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Anaesthesiology
Original paper

Postoperative pain control with continuous paravertebral nerve block and intercostal nerve block after two-port video-assisted thoracic surgery

Hainong Ma
1, 2
,
Xu Song
1, 2
,
Jie Li
1
,
Guorong Wu
1

1.
Hwa Mei Hospital, University of Chinese Academy of Sciences, Ningbo,, China
2.
Ningbo Institute of Life and Health Industry, University of Chinese Academy of Sciences, Ningbo, China
Videosurgery Miniinv 2021; 16 (1): 273–281
Online publish date: 2020/09/25
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Introduction

Intensive postoperative pain is one of the most frequent complaints from patients after thoracic surgical procedures. Inadequate treatment of postoperative pain may result in several complications, including atelectasis, pneumonia, respiratory failure, deep vein thrombosis, and intensive chronic post-surgical pain [1, 2]. Video-assisted thoracic surgery (VATS) is minimally invasive and provides better pain control, and is, therefore, becoming increasingly popular [3, 4]. However, even in VATS, postoperative pain is still an important factor, and may affect post-surgical recovery.

In recent years, anesthesiologists and surgeons have become more aggressive with the use of multimodal analgesic plans. Currently, several hospitals have established a customized “Enhanced Recovery After Surgery program” (ERAS), which employs various analgesic programs, including oral analgesic agents, intramuscular morphine injection, an intravenous patient-controlled analgesia (PCA) pump, and continuous epidural analgesia [5]. Nevertheless, large doses of opium-related drugs may result in gastrointestinal dysfunction [6], while epidural analgesia may result in epidural hematoma, dural perforation or hemodynamic instability [7], and nonsteroidal anti-inflammatory drugs (NSAIDs) may result in gastric stress ulcers [8]. The problems mentioned above highlight the need to improve the currently existing postoperative analgesia.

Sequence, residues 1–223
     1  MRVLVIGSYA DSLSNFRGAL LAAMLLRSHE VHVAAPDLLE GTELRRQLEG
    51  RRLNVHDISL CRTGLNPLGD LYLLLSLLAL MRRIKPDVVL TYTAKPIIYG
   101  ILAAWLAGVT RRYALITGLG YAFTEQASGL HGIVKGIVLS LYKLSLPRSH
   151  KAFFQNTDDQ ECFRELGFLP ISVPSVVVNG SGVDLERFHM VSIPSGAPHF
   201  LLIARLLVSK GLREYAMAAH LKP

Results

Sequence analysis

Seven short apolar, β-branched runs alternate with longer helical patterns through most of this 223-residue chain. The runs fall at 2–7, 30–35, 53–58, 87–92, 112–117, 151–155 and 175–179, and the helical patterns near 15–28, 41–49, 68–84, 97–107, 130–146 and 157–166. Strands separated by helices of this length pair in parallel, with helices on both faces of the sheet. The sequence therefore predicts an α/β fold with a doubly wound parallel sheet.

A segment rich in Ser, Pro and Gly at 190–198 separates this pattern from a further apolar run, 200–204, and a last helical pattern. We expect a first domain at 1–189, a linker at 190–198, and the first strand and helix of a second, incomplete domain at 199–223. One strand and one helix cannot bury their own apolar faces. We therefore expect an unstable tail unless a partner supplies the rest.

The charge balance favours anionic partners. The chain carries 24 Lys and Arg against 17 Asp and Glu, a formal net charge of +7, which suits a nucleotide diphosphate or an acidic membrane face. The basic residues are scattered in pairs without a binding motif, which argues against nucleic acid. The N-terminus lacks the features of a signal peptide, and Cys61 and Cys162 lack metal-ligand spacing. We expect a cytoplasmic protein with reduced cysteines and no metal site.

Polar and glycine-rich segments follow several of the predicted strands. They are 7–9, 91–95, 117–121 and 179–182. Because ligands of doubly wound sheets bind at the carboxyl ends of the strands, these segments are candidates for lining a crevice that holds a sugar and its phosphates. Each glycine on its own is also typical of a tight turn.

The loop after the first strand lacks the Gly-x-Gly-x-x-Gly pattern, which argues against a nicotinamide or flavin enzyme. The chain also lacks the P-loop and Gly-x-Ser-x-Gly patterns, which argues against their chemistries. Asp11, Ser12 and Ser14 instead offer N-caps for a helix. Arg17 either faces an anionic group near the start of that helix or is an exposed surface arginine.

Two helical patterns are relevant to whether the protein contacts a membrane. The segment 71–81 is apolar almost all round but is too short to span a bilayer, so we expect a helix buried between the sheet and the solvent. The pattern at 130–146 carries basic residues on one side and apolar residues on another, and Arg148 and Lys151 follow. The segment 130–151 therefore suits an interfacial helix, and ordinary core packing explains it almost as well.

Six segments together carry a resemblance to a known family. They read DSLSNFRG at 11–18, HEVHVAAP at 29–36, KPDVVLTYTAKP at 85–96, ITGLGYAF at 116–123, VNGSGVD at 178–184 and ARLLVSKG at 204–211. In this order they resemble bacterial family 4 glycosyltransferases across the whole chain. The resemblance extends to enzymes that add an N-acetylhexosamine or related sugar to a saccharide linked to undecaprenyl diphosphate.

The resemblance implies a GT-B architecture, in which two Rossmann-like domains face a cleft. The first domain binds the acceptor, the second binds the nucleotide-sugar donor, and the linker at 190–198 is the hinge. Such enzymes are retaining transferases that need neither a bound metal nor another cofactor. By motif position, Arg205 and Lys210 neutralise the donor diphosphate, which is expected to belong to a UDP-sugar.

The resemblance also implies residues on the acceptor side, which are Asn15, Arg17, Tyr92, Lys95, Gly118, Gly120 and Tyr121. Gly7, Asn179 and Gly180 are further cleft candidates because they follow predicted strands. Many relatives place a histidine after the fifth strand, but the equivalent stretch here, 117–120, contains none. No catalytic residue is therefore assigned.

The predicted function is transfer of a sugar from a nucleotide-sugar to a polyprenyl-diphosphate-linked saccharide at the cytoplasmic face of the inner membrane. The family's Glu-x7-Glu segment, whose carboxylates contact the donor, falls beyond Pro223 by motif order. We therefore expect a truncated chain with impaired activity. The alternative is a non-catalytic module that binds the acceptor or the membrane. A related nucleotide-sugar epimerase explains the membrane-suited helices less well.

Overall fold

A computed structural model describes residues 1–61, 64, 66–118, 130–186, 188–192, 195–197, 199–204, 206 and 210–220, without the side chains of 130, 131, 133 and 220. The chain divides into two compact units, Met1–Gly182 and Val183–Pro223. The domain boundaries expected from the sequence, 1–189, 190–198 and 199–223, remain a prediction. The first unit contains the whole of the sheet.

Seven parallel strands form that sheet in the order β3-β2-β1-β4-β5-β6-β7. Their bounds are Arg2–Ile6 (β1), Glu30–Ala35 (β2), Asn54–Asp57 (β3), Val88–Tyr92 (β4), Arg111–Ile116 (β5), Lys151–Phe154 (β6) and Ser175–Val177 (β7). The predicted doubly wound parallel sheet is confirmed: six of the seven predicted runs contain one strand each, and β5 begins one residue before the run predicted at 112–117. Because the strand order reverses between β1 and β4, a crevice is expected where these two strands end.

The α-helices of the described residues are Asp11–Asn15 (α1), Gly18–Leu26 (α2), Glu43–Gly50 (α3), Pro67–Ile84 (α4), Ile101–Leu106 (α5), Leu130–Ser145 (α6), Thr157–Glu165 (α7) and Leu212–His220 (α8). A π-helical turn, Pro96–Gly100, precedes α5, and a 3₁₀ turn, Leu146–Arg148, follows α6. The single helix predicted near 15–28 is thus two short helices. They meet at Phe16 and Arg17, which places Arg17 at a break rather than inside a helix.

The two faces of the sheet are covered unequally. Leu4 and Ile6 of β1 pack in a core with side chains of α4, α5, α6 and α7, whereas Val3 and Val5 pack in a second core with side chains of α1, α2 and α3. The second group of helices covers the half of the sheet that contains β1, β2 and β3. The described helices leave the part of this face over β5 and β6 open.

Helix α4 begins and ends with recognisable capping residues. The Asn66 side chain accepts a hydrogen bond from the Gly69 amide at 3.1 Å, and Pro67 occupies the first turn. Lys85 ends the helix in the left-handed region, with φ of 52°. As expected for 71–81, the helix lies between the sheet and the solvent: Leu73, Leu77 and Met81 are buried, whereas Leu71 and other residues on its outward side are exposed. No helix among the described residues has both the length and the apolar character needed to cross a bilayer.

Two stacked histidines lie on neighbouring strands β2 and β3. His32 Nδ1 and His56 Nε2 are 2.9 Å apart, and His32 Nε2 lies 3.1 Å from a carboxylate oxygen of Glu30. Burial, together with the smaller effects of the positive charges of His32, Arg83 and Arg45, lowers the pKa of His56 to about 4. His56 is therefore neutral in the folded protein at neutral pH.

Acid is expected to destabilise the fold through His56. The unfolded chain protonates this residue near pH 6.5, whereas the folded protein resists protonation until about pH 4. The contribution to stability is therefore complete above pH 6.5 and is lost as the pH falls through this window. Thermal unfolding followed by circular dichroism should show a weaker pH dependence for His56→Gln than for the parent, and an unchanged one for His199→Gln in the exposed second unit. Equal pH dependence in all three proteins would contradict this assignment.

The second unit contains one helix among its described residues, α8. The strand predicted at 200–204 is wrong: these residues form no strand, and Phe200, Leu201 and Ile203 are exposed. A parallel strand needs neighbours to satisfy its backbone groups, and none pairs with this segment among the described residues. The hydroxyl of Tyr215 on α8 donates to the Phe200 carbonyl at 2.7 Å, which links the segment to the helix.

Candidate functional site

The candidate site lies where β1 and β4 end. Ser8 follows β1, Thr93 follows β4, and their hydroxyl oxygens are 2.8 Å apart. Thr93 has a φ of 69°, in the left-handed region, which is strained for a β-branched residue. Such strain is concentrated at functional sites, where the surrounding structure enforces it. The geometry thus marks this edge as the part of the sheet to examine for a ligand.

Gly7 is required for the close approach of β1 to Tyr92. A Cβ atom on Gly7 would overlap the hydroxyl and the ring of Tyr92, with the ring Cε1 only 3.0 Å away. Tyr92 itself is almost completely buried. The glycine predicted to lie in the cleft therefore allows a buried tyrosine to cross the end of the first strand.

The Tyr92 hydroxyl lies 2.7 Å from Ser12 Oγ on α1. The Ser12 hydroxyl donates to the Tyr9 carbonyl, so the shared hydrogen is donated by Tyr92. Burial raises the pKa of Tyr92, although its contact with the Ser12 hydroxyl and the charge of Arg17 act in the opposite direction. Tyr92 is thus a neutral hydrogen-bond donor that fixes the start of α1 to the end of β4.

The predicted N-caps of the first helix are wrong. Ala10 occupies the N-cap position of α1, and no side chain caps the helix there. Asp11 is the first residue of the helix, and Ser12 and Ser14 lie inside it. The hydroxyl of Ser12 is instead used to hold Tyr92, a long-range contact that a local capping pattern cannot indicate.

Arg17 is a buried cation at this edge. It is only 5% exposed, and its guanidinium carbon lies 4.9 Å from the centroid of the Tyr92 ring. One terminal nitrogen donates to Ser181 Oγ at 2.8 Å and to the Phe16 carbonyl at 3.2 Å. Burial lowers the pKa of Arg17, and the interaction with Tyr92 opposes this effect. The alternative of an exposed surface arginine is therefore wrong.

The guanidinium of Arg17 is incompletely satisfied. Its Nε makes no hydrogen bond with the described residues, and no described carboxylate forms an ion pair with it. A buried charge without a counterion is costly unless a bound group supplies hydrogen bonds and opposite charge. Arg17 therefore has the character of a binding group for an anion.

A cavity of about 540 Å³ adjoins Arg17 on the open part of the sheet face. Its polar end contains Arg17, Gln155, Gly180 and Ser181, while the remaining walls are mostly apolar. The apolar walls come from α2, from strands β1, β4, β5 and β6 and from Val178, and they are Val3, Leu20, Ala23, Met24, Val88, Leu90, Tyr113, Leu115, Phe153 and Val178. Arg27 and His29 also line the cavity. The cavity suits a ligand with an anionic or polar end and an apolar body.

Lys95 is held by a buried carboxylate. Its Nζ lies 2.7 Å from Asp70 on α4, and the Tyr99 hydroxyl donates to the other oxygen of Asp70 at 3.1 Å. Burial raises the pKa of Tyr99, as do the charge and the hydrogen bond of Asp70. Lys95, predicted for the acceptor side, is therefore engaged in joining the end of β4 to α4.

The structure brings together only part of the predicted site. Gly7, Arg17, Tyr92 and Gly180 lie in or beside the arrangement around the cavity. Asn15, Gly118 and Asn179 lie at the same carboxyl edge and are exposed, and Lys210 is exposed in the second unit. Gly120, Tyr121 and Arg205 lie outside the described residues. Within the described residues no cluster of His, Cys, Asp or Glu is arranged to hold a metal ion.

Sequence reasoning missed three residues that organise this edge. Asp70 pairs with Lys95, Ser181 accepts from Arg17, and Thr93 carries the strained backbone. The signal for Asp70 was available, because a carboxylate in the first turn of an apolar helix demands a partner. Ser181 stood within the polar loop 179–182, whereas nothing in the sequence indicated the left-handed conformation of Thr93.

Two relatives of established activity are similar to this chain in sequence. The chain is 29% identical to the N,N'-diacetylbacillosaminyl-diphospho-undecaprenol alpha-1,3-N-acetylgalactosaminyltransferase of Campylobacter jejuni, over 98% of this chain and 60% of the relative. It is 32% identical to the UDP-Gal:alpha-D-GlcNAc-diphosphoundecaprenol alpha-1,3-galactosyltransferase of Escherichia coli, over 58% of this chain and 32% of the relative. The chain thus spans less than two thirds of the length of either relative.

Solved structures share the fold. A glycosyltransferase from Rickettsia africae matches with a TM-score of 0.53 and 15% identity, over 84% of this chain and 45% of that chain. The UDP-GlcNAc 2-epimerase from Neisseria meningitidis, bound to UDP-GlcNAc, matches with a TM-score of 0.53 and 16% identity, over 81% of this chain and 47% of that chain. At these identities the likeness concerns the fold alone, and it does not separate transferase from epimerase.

Alternatives to traditional analgesic modalities include ultrasound-guided paravertebral blockade or intercostal nerve blockade, and wound infiltration with local analgesics [9, 10]. In a recent study, thoracic paravertebral block combined with general anesthesia was applied in elderly patients undergoing lobectomy to improve their postoperative cognitive function [11]. However, a single shot of local anesthetic is insufficient because of the relatively short acting time compared with drainage duration [12]; and several complications associated with ultrasound-guided nerve blockade have been reported, including hypotension, vascular puncture, pleural puncture and pneumothorax [13]. Continuous nerve block (CNB) through a thoracoscopic-guided paravertebral catheter (PVC) or intercostal catheter (ICC) could solve some of the problems mentioned above. Several studies on CNB have been published [9, 10, 14, 15], and continuous thoracic epidural analgesia or continuous paravertebral nerve block has been recommended by the Polish consensus statement [16], but reports in which intercostal nerve blockade and paravertebral blockade are compared are limited. Therefore, in this study, we investigated the method of placing a PVC or an ICC in the sub-pleural space followed by continuous injection of ropivacaine by an infusion pump after surgery and determined their efficiency and safety in postoperative pain control.

Aim

The purpose of this study was to present continuous paravertebral nerve block and intercostal nerve block as alternative anesthesia methods and prove their superiority over the traditional anesthesia modalities.

Material and methods

This study was reviewed and approved by the human research ethics committee of Hwa Mei hospital, (No. PJ-NBEY-KY-2019-154-01) and informed consent forms were signed by participants.

Starting in November 2018, we placed PVC during two-port VATS for continuous paravertebral block after surgery. Because of its favorable security and analgesic effect, continuous paravertebral block had been applied as a routine anesthesia method after two-port VATS. Then we hypothesized that postoperative pain was mainly caused because of intraoperative sustained pressure on the intercostal nerve by the thoracoscopic lens and postoperative sustained pressure from the drainage tube. We began placing an ICC into the intercostal space of the drainage tube for continuous intercostal nerve block in April 2019.